Calif., Hawaii impose new gun regulations

But the laws venture into uncharted legal and political waters.

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This week, the governors of California and Hawaii signed several tough new gun regulations into law, drawing fierce criticism from gun rights advocates across the country.

On Friday, California Governor Jerry Brown approved six gun control bills, the most controversial of which is a comprehensive ban on magazines which contain more than ten rounds of ammunition. The new law applies to all weapons, handguns and long guns alike, and requires owners of existing firearms with high-capacity magazines to dispose of them unless their weapon was both “obtained prior to January 1, 2000” and cannot accommodate any magazine with fewer than 10 rounds. Violations of the law come with hefty fines.

The other five bills, as well as their impacts, are listed below:

  1. SB 1235: Requires firearms dealers to perform background checks on ammunition buyers.
  2. SB 880/AB 1135: Ban “bullet buttons,” a quick release button on many long guns which enables their users to rapidly change magazines.
  3. AB 1695: Bans those who knowingly file false reports on the loss or theft of a firearm from owning firearms for a decade.
  4. AB 1511: Limits personal loans of firearms to only immediate family and spouses/domestic partners. Prior to this bill’s passage, state law permitted firearms loans between persons “personally known to each other.”

Republican James Gallagher, one of the few state legislators opposing the measures, chided the Democratic majority for overlooking illegal gun crime in favor of regulating law-abiding gun owners. “[This legislation] will do nothing to stop criminals from getting guns,” Mr. Gallagher stated in a Friday press release. “We need to focus on enforcing the laws that we have on the books and keeping guns out of the hands of criminals.”

In Hawaii, Governor David Ige signed into law an unprecedented gun control regulation which would enroll law-abiding gun owners into the FBI’s “Rap Back” criminal activity monitoring system. The law ensures that firearm owners who commit a crime which voids their right to have firearms may have their weapons confiscated in a timely fashion, but the move has sparked a firestorm of criticism from gun rights advocates, who object to placing thousands of law-abiding gun owners into a national criminal database.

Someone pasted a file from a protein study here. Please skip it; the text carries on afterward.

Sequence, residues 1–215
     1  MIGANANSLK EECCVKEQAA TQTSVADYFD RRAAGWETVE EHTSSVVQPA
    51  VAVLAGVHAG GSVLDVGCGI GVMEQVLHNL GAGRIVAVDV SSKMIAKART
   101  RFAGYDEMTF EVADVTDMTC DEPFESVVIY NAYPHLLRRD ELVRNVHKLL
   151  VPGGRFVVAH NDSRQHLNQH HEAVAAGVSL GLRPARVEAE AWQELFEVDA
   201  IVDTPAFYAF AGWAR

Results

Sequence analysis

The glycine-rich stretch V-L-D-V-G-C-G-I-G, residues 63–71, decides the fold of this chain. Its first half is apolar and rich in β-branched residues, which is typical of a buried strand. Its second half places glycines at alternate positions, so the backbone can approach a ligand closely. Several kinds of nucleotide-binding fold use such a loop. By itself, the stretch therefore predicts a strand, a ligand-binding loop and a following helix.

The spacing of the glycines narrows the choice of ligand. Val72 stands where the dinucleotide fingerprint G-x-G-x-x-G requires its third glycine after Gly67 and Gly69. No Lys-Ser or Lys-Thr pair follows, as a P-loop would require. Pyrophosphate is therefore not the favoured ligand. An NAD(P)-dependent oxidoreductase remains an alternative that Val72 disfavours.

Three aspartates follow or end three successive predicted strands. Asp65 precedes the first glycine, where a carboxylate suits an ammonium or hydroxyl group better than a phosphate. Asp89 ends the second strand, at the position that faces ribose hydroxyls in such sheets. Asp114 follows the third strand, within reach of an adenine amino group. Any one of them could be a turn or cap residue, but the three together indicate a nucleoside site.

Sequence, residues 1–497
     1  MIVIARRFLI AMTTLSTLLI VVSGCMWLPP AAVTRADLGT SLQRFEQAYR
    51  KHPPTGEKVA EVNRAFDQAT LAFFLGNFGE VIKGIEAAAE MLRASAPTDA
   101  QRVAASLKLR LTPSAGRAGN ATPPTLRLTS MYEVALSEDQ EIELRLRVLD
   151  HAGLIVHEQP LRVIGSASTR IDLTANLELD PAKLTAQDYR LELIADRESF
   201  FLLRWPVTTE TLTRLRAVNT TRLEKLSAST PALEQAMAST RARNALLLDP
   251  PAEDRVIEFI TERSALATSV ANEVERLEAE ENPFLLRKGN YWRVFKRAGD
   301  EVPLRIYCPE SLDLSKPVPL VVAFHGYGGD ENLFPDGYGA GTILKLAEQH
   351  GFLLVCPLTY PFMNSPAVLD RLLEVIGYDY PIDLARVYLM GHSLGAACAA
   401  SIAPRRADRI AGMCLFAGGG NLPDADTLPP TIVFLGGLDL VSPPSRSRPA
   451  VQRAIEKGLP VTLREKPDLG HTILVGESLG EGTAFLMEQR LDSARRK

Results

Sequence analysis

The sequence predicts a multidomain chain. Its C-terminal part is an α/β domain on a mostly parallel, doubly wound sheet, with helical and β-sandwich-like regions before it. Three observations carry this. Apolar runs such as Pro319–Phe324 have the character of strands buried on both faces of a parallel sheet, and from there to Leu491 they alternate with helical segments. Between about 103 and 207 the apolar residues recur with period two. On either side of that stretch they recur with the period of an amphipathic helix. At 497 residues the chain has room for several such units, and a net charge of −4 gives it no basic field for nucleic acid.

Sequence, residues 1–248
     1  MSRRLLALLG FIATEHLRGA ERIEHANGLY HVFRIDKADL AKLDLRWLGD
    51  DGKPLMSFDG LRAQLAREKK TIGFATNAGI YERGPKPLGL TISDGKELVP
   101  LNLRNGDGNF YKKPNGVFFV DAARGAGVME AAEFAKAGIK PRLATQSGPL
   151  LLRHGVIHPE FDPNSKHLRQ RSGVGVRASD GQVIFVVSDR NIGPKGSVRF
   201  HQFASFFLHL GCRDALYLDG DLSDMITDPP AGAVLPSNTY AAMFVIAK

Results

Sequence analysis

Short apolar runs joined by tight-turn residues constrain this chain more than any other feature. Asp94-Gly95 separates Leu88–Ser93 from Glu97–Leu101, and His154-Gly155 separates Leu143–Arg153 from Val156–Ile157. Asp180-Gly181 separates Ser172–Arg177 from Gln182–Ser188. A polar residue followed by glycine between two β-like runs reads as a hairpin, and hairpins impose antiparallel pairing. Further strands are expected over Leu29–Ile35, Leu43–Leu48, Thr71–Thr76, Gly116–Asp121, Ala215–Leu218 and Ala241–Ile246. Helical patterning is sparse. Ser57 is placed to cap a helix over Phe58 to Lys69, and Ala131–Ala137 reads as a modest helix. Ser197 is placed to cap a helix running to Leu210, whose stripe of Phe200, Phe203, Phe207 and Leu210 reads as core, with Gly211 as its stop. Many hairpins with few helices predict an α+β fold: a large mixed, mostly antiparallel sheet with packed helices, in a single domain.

“It’s an invasion of privacy,” argued Harvey Gerwig, the president of the Hawaii Rifle Association, in an interview.

He also pointed out that it is unclear how Hawaii plans to pay for enrolling thousands of gun owners into the “Rap Back” system. “There’s a recurring fee for this,” Mr. Gerwig told me. “Who’s going to pay to have that data input? Who’s going to pay to monitor it? Who’s going to go out and access these people when they violate it?”

The law also may stand on shaky legal ground, as a provision of the Firearm Owners Protection Act of 1986 explicitly prohibits the establishment of “any system of registration of firearms [or] firearm owners,” which this law appears to do. Mr. Gerwig is considering a lawsuit, which he says would focus primarily upon this provision. “We have six lawyers working on it right now,” he said. “We may see the court looking at this, we’ll see.”

The National Rifle Association expressed serious concern about the registry law, which is the first of its kind in the nation. “As you can imagine, the NRA finds this one of the most extreme bills we’ve ever seen,” an NRA spokeswoman stated.

Governor Ige also approved HB 625 and HB 2632. The former bars stalkers and perpetrators of sexual assault from possessing firearms, while the latter requires firearm owners who have been disqualified from owning a firearm for reasons of mental disorder or hospitalization in a psychiatric facility to surrender their weapons to law enforcement immediately.

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